Duggan: Online dating not as fulfilling as following traditional dating norms

By Ryan Duggan on December 7th, 2012

For many of us, it would mean actually giving our friends a call and meeting with them in person to stay in touch, having access to some encyclopedias instead of always relying on Wikipedia and perhaps even meeting our spouse in person for the first time instead of a chat room.

The last of the three is one of the most interesting. Online dating websites are thriving, claiming more than 35 million members between eHarmony and Match.com alone, as well as a $1.05 billion annual revenue. About 17 percent of marriages begin on an online dating site, and 20 percent of “serious relationships” begin there, too.

Perhaps I’m old-fashioned, or maybe haven’t given up all hope on meeting someone in person, but I would hate to meet my significant other online. I’m not saying relationships that begin online are illegitimate in any way, but they just aren’t for me.

I always prefer to romanticize about my first encounter with a significant other. I want to describe to my kids how my world froze when their mother walked into the room, how she smiled at me and I mumbled something stupid, and how we were both swept off our feet.

With the Internet, perhaps I can tell them how my screen froze when their mother signed in, how she sent me a smiley icon, to which I replied with a few nervous, misspelled words, and we were both swept off our chairs.

Or perhaps for those who don’t believe in the whole love-at-first-sight thing, perhaps this scenario would be better fitting: I’d rather have that good friend who knows everything about me, who I have had many great memories with. Then, someday we both realize there is something more between us, try dating and the rest is history. We were just slow to realize what we were searching for was right in front of us the whole time.

Instead, perhaps we could chat for a while, read each other’s blogs and be longtime Facebook friends before realizing we’re more than that.

Yes, it’s a hopelessly romantic desire, but it shouldn’t be any less valid of as reason as to why people wouldn’t want to date online.

Aside from that, maybe it’s just a phase people are going through for meeting others. Before long, if not already, the Internet will be no different than the bars or any other public place.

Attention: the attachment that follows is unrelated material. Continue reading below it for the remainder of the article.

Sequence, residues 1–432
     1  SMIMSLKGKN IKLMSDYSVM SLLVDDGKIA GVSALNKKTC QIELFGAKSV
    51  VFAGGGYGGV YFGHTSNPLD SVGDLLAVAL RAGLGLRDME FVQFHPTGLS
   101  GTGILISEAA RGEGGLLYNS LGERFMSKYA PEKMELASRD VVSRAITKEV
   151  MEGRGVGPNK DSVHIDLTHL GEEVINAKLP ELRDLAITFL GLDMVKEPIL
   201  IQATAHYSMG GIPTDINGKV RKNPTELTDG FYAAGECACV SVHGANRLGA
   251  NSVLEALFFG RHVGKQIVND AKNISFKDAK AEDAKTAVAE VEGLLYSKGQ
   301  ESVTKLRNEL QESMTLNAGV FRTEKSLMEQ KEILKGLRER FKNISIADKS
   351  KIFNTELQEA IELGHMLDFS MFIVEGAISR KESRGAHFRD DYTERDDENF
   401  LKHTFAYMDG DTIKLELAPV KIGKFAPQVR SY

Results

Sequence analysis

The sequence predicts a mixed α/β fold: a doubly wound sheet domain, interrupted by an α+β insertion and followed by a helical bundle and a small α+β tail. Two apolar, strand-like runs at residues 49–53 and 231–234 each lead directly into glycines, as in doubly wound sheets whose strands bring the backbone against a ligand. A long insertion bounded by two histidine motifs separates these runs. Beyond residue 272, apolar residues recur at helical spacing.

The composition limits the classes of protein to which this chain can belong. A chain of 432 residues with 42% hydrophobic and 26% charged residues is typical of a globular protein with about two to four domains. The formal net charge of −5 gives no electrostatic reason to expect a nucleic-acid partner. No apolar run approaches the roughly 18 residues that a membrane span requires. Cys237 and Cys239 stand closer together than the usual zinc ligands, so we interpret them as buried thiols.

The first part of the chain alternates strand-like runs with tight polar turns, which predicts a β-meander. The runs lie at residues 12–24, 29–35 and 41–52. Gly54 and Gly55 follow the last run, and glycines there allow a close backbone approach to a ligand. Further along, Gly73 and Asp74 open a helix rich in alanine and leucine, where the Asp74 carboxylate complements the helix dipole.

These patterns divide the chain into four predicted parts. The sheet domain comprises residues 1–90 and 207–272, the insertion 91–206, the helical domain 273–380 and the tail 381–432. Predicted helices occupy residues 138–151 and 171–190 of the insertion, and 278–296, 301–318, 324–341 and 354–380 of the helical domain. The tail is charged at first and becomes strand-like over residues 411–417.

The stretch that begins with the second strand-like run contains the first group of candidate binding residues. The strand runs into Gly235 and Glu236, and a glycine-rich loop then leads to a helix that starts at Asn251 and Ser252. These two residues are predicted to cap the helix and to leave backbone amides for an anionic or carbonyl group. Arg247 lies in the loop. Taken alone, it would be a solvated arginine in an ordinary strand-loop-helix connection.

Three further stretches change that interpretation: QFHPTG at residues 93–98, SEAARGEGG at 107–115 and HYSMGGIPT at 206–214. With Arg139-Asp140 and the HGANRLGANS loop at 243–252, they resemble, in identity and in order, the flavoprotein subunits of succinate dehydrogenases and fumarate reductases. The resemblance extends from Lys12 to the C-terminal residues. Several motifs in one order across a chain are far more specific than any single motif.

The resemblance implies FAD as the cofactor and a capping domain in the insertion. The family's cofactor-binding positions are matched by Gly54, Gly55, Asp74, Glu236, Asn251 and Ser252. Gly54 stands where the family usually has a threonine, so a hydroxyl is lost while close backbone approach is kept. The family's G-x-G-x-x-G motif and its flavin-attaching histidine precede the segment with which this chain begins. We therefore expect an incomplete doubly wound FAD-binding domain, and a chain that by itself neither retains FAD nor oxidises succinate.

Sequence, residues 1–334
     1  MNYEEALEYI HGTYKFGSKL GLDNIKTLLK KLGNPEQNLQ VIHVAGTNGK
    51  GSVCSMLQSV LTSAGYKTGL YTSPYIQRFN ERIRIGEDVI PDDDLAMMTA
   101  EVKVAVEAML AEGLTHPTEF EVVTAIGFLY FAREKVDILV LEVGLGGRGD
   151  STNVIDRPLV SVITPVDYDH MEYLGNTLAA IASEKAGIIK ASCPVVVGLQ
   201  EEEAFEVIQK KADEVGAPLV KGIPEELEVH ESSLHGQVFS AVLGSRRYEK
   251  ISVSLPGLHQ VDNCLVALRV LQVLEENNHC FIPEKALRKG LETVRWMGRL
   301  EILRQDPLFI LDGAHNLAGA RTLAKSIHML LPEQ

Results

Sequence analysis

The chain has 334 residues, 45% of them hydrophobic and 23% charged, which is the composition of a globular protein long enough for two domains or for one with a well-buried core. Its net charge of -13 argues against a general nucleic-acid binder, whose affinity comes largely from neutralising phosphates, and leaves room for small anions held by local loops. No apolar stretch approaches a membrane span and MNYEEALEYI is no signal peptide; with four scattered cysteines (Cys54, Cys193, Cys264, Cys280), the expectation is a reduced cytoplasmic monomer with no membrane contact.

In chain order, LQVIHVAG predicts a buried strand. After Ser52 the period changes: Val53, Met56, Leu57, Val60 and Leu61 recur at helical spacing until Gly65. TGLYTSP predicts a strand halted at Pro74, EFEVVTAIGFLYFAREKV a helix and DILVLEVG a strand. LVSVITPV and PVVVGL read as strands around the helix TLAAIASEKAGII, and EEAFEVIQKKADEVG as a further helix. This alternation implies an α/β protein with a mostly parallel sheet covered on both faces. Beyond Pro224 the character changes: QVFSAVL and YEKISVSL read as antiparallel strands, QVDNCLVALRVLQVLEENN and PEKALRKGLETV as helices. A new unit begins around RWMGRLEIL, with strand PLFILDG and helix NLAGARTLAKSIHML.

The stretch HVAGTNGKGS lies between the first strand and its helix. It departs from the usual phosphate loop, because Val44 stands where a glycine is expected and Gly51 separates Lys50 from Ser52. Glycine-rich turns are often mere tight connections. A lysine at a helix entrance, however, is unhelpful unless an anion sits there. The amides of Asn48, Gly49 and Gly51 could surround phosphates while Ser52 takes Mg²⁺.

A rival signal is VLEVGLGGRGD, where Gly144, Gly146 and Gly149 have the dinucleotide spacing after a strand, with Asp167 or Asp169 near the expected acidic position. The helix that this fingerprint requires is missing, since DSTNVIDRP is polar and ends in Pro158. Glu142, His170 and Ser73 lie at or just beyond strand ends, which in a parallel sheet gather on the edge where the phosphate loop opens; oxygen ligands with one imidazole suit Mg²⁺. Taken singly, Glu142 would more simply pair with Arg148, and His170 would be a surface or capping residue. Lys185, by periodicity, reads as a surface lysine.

In fact, I would go so far as to say the Internet would be a lot easier to meet people were it not for its users, who are lying about themselves. You can shape your personality and characteristics much easier online through words than you can through real actions in person. Also, people get way more time to respond online, allowing them a chance to formulate how they want to present themselves and consciously shape who they are.

Meeting someone in person may allow for misrepresentations of one’s self through nervousness, but it is still portraying exactly who they are in real time. You can get a sense of who they are right away. With online dating, you obtain a foggy perception of who the other person is, and then have to wait for a date to find out who they really are.

According to StatisticBrain.com, 10 percent of sex offenders use online dating, and 53 percent of online dating site members date others simultaneously.

I know there is potential for this in real life, but I feel that the online dating system allows for dating others simultaneously more than conventional dating. One is constantly being offered new dating opportunities through the website, and the temptation is entirely too easy to give into. In conventional dating, the process of finding new people, talking with them and eventually obtaining a date seems a lot more time-consuming and difficult than receiving emails for potential dates.

Of course, there is always the exception of the confident, handsome guy who can go to a bar on any night and find a date, or the drop-dead-gorgeous woman who can pick any guy she wants at a bar or public outing. These two might have the same ease to acquire simultaneous relationships as those using online dating, but not everyone can be like that.

Furthermore, online dating seems to make the whole process more of a business transaction for finding a significant other. You receive applications, from which you narrow it down to a few promising ones. After that, you contact them for interviews at a coffee shop or restaurant. Depending on how well they do at the interview in meeting your expectations, you either “hire” them as your boyfriend or girlfriend, perhaps ask for a second interview or go back to more applications.

Again, I know I’m old-fashioned, but online dating just seems so lackluster and not nearly as fulfilling as meeting someone in person, making the move to ask them out and then going on your first date.

Ryan Duggan is a senior English and Classical Languages major. Reach him at opinion@dailynebraskan.com

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